It’s much more expensive to attract a new customer than it is to keep an existing one and to persuade that existing customer to spend more money, buy more products or buy more often.
And a perfect example of that expense is the typical Black Friday deal. It’s very often a loss-leader to pull me in. Once I get to know you, like you and trust you, I’ll stay and you’ll have me as a long-term customer.
Worth it? Definitely.
But there is one factor in the marketing equation that gets forgotten. Your current customers.
Let me tell you about my less-than-happy interaction yesterday with the customer service department of my online backup service supplier.
I pay $12 each month to back up my computer somewhere out there in the cloud. Don’t ask me where, I don’t have a clue. But my data is backed up automatically and I rejoice in the lessened stress that this knowledge brings.
Yesterday I noticed that this company was offering an excellent deal for new customers. Instead of paying $144 yearly, I would have to pay only $28 for the first year if I joined as a new customer.
That’s a spectacular deal. Excellent marketing if your aim is to bring new buyers on board.
However there’s a serious downside to this offer.
It incurred the wrath of existing customers like me.
I’ve been loyal. I’ve even recommended you. So why are you making me feel like you don’t care about me in the least? Fine – don’t give me the best deal.. but offer me something. Anything. A token of your appreciation.
There was nothing. Nada. Zip.
So I was incensed enough to contact Customer Service for this company. Below is a screenshot of the first part of the exchange between us. I have erased out identifying details. I have also added an arrow so you can see the little smiley face the customer service rep added as he was happily ignoring my feelings.
Honestly, that little smiley incensed me – just like a red flag to a bull. You’re not validating my position, you don’t care about me and what’s more you’re laughing at me. That’s what went through my head when I saw that happy little face.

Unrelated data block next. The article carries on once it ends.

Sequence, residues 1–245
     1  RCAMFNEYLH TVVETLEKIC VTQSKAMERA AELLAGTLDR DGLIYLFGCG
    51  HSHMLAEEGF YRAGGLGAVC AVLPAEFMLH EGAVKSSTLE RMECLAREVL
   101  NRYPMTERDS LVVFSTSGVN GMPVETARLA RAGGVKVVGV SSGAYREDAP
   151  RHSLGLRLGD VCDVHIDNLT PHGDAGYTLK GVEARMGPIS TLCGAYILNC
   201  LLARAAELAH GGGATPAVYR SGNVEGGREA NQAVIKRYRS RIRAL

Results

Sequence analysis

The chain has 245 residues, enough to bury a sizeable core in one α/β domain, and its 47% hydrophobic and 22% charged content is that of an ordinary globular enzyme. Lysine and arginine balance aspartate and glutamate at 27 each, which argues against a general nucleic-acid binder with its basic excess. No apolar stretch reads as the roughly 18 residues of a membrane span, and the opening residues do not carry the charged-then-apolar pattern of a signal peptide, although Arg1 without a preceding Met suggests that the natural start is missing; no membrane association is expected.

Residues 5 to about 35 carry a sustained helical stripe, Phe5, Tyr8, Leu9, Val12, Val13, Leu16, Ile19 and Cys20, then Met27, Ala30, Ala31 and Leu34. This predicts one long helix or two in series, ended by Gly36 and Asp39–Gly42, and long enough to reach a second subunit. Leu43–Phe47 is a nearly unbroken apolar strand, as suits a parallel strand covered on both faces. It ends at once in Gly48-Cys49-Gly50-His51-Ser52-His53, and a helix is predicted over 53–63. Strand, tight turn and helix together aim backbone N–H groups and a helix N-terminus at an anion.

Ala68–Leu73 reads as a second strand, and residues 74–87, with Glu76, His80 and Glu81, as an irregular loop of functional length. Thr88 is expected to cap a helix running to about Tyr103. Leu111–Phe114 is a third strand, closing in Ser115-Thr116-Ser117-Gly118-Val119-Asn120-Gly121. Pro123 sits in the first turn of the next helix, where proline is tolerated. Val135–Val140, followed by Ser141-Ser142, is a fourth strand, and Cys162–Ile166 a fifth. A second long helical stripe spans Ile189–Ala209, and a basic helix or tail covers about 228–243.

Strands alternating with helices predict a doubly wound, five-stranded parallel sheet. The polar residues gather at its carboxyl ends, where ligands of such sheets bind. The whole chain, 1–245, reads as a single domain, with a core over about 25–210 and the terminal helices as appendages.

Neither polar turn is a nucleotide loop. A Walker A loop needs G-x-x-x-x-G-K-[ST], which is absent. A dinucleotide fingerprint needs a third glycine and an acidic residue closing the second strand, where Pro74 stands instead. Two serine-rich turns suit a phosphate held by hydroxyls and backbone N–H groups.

I know about marketing. I know about the need to generate new leads and get new business. That’s fine. But please, don’t alienate me in the process.
So my exchange with the hapless customer service rep continued. He held his ground. I held mine.
Eventually I wore him down and he offered me three free months of online backup as a special offer. Three whole months.
Nice. But that still left me with a difference of $108 dollars.
And then I had a brainwave. Was my husband eligible for the deal, I asked. I didn’t want to do anything underhand – that’s just not my style. So I asked the question openly. Could he pay for the deal and then back up our computers on his account?
Indeed he could. But getting that information was like getting blood out of a stone.
So then I asked the next obvious question. If my husband was eligible for the deal, could they not just give me the deal instead and save me the time and trouble of uploading my files via his new account and then deleting my account?
This time there was no discussion at all. The answer was a sharp NO. One word. No.
Into that single word I inferred a whole story of my own making: No we cannot help you. No we cannot save you time. No we cannot save you the headache.
How’s that for friendly and caring customer support?
So my husband bought the deal and we are slowly transferring over my files to his account.
I am left with a bitter taste in my mouth. You incurred the Wrath of Debbie.
And I am not the only one. The Facebook page of this online backup company is littered with comments from unhappy existing customers. Why were we offered nothing at all for our loyalty? Why were we treated with such disdain? That may not have been the intention of the company, but that’s how it felt – and the extra smiley at the end of my interaction with the customer service rep did nothing to dispel that feeling.
Oh – and one more thing. If you’re trying to do damage control, make sure it’s a consistent offer. Perhaps I was a better fighter for my cause, I don’t know, but I was offered three months free service while people writing on the company Facebook page mentioned the consolation prize of just two months. I wonder how they would feel if they found out that they weren’t even worth an extra month.
Let the lesson be learned. Don’t focus only on attracting new customers. Keep your existing buyers happy too.